(Reuters) – North Korea has erected a new, taller launch tower at its missile base, possibly in preparation for firing a long-range rocket to mark an important national anniversary in October, South Korea's Yonhap news agency reported on Wednesday.
The 67-metre (220-ft) tower will be able to accommodate the launch of a longer-range missile than the rocket test-fired in December 2012. That launch was widely considered successful in putting an object into space orbit, the Yonhap report said.
North Korea is banned under U.N. Security Council resolutions from conducting tests that use ballistic missile technology but has defied international warnings and sanctions to pursue missile and nuclear programs.
"Our assessment is that the North will use the newly upgraded Tongchang-ri (missile) launch pad to launch a long-range missile larger than Unha-3," Yonhap quoted a South Korean government source as saying.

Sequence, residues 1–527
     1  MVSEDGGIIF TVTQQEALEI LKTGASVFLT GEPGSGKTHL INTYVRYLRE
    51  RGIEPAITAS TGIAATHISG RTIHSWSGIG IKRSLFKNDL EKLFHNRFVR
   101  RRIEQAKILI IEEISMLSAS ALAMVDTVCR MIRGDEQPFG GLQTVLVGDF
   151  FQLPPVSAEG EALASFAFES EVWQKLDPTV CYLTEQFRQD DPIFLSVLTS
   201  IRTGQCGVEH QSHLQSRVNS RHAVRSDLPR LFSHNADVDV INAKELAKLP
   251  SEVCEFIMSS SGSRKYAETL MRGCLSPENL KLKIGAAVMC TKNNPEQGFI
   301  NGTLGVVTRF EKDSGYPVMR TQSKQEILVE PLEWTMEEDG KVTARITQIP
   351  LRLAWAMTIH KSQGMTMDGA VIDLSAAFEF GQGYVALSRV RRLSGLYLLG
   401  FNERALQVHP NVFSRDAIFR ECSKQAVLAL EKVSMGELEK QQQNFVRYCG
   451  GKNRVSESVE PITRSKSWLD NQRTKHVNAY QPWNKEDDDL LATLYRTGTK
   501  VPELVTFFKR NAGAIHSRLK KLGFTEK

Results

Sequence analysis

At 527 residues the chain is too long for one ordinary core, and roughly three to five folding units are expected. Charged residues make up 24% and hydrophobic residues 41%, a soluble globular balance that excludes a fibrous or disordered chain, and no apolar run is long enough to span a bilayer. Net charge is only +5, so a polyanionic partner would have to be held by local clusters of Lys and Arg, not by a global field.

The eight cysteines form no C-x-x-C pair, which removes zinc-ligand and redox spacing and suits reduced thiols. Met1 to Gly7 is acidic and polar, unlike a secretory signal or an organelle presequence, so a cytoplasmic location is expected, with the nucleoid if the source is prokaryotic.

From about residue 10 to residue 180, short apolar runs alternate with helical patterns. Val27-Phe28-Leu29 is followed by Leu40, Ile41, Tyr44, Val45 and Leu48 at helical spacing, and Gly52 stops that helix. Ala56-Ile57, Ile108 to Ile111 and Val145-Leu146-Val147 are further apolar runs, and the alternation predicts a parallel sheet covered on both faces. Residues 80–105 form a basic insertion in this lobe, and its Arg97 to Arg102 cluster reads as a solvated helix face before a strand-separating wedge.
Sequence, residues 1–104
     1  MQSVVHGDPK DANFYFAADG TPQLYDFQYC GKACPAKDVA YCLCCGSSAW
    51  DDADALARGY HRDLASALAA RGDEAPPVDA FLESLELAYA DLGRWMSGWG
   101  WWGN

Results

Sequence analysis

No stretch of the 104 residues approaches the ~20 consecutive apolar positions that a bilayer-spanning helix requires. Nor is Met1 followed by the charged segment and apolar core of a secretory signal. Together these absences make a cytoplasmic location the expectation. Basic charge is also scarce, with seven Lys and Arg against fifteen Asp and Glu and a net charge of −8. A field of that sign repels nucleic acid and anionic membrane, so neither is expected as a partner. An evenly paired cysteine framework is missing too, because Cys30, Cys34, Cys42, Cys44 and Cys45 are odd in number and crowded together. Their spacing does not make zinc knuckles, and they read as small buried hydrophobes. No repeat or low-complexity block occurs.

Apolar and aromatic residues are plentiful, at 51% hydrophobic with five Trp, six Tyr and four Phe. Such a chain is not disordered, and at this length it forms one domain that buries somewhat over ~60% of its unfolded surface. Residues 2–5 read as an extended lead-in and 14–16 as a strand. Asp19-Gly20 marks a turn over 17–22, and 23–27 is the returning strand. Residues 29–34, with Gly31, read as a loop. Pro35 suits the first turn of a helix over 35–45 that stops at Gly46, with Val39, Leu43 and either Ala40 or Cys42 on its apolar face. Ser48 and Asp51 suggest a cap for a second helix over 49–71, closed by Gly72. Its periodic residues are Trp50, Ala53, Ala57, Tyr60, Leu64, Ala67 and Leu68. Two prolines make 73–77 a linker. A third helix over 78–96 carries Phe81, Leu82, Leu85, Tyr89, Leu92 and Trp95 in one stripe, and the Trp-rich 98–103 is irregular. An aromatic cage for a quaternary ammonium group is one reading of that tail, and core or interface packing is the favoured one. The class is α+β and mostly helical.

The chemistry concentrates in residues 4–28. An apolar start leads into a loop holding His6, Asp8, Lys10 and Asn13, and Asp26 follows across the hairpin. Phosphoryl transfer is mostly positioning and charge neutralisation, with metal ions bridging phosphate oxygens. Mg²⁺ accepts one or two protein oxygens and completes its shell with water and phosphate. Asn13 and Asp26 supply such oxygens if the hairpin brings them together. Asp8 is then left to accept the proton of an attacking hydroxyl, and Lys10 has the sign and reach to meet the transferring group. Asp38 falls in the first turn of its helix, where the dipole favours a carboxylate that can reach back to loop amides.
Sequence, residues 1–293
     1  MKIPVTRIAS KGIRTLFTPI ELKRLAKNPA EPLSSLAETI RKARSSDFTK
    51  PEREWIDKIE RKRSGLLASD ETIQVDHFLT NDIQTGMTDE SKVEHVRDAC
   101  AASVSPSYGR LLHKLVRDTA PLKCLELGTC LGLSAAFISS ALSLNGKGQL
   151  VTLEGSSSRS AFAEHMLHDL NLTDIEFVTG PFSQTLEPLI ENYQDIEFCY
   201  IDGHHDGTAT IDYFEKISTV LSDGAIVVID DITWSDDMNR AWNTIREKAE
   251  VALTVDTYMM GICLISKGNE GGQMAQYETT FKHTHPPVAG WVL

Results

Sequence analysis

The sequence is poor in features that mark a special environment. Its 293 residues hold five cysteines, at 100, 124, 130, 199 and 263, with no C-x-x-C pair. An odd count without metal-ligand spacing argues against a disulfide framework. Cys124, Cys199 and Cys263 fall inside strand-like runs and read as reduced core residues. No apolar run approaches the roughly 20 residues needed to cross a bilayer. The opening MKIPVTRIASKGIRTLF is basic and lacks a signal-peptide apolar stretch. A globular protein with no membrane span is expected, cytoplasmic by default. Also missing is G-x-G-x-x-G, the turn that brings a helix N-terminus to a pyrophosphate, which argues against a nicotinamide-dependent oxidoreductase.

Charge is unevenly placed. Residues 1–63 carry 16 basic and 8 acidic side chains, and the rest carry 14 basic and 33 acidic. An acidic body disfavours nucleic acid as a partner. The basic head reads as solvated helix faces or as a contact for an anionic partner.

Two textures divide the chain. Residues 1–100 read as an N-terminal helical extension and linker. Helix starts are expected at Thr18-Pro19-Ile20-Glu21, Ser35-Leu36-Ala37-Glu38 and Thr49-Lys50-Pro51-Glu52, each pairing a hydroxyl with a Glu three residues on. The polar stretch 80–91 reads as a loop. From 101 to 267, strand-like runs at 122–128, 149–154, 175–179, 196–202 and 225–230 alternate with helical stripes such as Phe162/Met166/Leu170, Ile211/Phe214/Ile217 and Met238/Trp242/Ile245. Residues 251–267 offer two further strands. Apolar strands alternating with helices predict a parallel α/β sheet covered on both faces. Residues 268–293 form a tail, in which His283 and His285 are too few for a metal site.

Unha-3 refers to the long-range rocket fired in 2012 from the base near its west coast.
The launch is likely to come around the 70th anniversary of the founding of the North's ruling Workers' Party on Oct. 10, the source was quoted as saying.
South Korea's Defense Ministry could not immediately confirm the report but an official said they were seeking to verify it.
North Korea is believed to be developing an intercontinental ballistic missile (ICBM) but is seen as years away from deployment. It is also working to miniaturize a nuclear warhead to mount on a delivery vehicle.
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